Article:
Did Darwin originate the theory of evolution?: Information Roundup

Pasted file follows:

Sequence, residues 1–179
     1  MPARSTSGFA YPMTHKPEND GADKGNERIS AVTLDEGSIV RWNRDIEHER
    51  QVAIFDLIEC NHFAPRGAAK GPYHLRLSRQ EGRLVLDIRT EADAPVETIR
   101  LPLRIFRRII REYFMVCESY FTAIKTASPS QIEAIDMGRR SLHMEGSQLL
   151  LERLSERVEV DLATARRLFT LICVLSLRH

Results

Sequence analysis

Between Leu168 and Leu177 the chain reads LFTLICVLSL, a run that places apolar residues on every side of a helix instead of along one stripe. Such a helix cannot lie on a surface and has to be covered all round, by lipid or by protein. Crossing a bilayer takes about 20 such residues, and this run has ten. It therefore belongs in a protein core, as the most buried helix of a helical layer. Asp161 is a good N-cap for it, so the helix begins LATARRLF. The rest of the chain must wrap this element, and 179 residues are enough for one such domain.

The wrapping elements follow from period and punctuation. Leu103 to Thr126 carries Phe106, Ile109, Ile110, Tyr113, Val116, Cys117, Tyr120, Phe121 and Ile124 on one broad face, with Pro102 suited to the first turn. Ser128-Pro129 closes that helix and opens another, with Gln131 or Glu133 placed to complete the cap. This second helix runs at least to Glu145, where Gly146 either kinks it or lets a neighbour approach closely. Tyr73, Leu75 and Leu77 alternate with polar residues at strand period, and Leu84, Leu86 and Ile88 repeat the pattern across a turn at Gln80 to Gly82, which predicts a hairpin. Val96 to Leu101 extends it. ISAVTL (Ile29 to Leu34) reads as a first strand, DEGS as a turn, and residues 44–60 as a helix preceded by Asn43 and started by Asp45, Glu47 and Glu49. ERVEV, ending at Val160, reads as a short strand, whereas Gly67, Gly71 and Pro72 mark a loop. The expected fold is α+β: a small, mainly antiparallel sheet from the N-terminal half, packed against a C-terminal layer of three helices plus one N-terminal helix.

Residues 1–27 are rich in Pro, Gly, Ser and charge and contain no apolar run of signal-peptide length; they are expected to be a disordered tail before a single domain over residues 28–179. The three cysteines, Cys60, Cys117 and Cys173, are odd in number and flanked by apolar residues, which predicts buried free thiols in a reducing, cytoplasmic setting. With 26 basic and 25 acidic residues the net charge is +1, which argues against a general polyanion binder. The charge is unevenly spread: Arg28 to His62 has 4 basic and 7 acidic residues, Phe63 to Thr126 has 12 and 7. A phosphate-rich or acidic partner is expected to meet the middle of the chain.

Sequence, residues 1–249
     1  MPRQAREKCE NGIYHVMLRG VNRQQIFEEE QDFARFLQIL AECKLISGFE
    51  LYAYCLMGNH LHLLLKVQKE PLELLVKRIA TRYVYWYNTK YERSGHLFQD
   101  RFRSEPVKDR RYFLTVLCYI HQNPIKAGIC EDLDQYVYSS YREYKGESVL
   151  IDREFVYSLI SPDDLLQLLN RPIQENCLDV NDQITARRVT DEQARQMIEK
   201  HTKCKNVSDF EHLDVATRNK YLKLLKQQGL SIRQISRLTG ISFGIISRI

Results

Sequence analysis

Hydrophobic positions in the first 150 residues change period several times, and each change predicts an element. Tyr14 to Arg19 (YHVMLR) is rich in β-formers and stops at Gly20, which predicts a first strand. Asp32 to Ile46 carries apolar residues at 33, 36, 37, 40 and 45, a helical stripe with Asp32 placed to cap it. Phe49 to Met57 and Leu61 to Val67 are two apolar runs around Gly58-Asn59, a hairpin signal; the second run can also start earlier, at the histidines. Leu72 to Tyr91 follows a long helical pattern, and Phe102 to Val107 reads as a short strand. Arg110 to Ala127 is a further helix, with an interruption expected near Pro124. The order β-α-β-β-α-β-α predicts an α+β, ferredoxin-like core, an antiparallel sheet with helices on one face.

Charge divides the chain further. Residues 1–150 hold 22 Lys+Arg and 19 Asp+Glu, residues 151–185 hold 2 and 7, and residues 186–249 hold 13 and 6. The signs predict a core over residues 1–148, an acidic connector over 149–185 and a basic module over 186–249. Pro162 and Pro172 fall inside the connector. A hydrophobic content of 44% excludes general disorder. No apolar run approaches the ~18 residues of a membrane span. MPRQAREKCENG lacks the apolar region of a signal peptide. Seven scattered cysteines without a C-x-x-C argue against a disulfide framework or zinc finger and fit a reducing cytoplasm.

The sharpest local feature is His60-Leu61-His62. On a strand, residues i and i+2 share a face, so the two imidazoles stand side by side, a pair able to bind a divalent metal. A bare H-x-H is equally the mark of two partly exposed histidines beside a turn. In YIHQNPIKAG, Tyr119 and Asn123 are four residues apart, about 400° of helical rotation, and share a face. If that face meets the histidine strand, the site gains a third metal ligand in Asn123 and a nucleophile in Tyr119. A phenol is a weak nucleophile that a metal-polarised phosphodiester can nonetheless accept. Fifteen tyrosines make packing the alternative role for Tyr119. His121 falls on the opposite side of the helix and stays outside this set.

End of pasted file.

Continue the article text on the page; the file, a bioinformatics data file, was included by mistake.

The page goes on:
The general idea of evolution was already an old one when Charles Darwin was born. It was a familiar concept to the Greek philosophers and the sages of India before the beginning of the Christian era, and many other ancient thinkers had a hazy notion of an orderly development and progress in nature. Anaximander, the Greek philosopher who died about 547 B.C., believed in the transmutation of species and held that man evolved from aquatic animals. Several centuries later Aristotle approached the theory of evolution when he wrote: "Nature passes from lifeless objects to animals in such unbroken sequence, interposing between them beings which live and yet are not animals, that scarcely any difference seems to exist between two neighboring groups owing to their close proximity." Before the time of Charles Darwin (1809-1882) several writers had dealt with the subject freely. Among these were Comte Louis Leclerc de Buffon (1707-1788), French naturalist; James Burnet Monboddo (1714-1799), Scottish judge and anthropologist; Erasmus Darwin (1731-1802), English physiologist and poet and grandfather of Charles Darwin; Jean de Lamarck (1744-1829), French zoologist; Johann Wolfgang von Goethe (1749-1832), German philosopher; Etienne Geoffroy Saint-Hilaire (1772-1844), [page 10] French naturalist; and Arthur Schopenhauer (1788-1860), German philosopher. All of these men had advanced the general theory of the evolution of higher forms of life from lower and the evolution of man from the higher animals long before Charles Darwin became identified with the theory. In Ancient Metaphysics (written between 1779 and 1799) Lord Monboddo, the eccentric Scottish judge who dabbled in anthropology on the side, advanced the theory that man had raised himself from an animal condition through the necessities of his environment; in his Origin and Progress of Languages, Lord Monboddo identified man with the same species as the orangutan, and the author of the work, like Darwin later, was ridiculed for teaching that men descended from monkeys. In 1809, the year of Charles Darwin's birth, Lamarck published a definite statement on the theory of evolution and concluded that the resemblance in form and structure of groups of species was owing to affinity and that all living organisms descended from a few very simple forms, or possibly a single form, that originally developed from lifeless matter by spontaneous generation. He was also of the opinion that the human race was developed by the transformation of a series of mammal ancestors, the nearest of which are the primate apes. Jean Jacques Rousseau was sponsoring the ape-man theory as early as 1754, and Schopenhauer anticipated Darwin in the idea of natural selection for the preservation of the species. It was not until 1859 that Darwin published his Origin of Species. He was the first reputable naturalist to work out and to publish a complete and complex account of the theory of evolution through natural selection, including what Herbert Spencer and Alfred Russel Wallace called "the survival of the fittest." Even in the Origin of Species, which is reputed to have been hurried to press because Wallace had arrived at similar conclusions, Darwin made no attempt to solve the evolution of man. He finally tackled that subject in his Descent of Man, which was not published until 1871, long after the subject had been widely discussed by many others.